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With different living and lifestyle developments mushrooming across the country, choosing where to invest can be a daunting task. Delia Du Toit asked the experts for advice.

Today, several new options are available to suit almost any lifestyle and budget. The only difficulty is choosing the right option for you.

Mature lifestyle preferences 

Though they go by various names there are really three broad options to choose from: Multigenerational lifestyle estates where anyone can live and where opt-in care or facilities are available; retirement estates or villages limited to residents of a certain age; and retirement homes where the focus is on providing care for those who are either semi-independent or completely dependent. Each has its pros and cons, and your choice is entirely dependent on your needs.

The biggest differences are in the level of healthcare and the design of the buildings. Retirement homes focus on assisted living and healthcare, retirement estates offer healthcare to all residents as needed, while multigenerational estates have opt-in care. Retirement villages are often less costly than assisted care in other settings, says Bruwer de Jager, national sales manager at Devmark Property Group.

At a minimum, people should ensure that their choice includes at least primary healthcare and emergency health alerts and services, says Miguel Rodrigues, director at Rabie Property Group. “Even if the development does not have its own frail care facility, you must be able to have optional home care should you need it.”

Design will also differ between the three options. “Lifestyle estates usually have larger units, often double-storey unit designs, while retirement villages have smaller units and are mostly limited to single storeys,” explains De Jager.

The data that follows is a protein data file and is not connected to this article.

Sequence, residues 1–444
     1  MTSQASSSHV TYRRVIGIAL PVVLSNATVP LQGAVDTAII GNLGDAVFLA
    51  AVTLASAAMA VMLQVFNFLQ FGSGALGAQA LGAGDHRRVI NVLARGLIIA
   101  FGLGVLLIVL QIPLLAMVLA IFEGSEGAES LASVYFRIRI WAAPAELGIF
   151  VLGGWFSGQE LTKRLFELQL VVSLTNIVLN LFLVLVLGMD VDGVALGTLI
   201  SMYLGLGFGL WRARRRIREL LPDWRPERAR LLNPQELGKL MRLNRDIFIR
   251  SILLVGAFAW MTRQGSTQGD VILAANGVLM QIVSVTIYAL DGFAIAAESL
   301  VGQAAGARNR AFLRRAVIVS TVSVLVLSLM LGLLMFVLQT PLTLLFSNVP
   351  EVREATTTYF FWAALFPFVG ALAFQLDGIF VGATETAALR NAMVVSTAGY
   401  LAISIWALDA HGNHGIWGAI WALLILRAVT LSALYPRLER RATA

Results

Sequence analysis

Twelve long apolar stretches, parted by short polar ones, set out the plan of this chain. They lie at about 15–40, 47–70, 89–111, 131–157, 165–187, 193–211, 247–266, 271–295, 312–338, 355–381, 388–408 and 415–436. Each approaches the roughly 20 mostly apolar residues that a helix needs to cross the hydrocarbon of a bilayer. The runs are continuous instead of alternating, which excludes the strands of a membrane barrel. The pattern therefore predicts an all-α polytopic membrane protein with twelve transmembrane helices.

Lastly, of course, both retirement estates and homes are limited to certain age groups, while a multigenerational lifestyle estate or a retirement estate within another development offers the opportunity to remain part of a larger community of differing ages and lifestyles, adds Rodrigues.

There are, however, several differences that depend on the development rather than the age group it’s aimed at. Hayden Giger, head of growth at FNB Private Bank Lending, says when making your choice you should consider:

Your dependants: Certain retirement options will not allow dependants younger than a certain age.

Your pets: Certain estates don’t allow pets.

Your hobbies: Does the development offer recreational activities, sports, or transport to such facilities?

The management: Is there good security? Are there strict rules residents must follow, and recourse for noisy neighbours, for example?

The setting: Do you prefer an urban, suburban or rural lifestyle? And how far is the development from medical facilities, shopping complexes, and more?

Sound financial choices

Housing costs will be part of your budget, whether you rent or own, says Wikus Lategan, CEO of property developers Calgro M3. The decision to buy or rent will depend on your age, lifestyle, budget and requirements. “Though homes can be valuable assets to own and offer perks like stability, tax benefits and equity, they can be costly. Fluctuations in market value, unexpected maintenance expenses, and insurance deductibles can all increase ownership costs.”

There are several pros and cons to consider when making your decision.

Renting: Renting provides more flexibility and liquidity, and you’ll spend less money and time on maintenance – leaving you more money to enjoy life, says Lategan. The cost of holding the property (levies, taxes and maintenance of the superstructure) remains the responsibility of the property owner. Giger says you should keep in mind, however, that renting could become very expensive over a longer period as the landlord increases the rent amount year on year.